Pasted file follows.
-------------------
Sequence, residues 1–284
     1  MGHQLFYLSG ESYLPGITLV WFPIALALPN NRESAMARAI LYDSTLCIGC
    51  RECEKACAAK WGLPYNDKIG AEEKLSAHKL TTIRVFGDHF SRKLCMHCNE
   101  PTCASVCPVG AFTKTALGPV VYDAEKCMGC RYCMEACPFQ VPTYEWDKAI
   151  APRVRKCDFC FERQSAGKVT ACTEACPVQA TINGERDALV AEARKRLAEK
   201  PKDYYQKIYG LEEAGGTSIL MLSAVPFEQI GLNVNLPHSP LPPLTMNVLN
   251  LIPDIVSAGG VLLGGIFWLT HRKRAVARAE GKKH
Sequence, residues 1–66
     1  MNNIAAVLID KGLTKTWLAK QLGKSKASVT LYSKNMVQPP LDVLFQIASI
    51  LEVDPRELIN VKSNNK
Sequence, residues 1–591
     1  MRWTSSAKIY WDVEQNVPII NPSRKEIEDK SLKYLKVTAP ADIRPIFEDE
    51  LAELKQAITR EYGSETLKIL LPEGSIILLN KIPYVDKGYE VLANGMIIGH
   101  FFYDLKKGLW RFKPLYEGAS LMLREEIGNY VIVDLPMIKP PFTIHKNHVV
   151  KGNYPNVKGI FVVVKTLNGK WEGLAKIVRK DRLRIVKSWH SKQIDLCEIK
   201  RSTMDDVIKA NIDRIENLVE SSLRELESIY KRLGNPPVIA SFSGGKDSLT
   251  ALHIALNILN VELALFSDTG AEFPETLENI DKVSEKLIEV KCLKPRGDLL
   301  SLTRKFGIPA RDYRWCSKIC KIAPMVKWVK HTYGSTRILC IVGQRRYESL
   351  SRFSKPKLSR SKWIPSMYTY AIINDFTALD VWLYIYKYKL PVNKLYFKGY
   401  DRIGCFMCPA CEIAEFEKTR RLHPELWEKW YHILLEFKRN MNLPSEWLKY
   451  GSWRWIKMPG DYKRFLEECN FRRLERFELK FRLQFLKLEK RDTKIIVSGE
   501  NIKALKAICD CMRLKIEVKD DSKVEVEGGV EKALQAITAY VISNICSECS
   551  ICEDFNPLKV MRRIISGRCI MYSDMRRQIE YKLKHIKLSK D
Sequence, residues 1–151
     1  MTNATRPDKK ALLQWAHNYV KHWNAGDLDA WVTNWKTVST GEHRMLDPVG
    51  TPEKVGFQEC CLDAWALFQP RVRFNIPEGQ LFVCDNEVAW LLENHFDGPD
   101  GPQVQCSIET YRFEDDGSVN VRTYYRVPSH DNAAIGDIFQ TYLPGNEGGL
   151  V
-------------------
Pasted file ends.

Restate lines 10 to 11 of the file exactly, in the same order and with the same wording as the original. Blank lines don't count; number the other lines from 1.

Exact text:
    51  LEVDPRELIN VKSNNK
Sequence, residues 1–591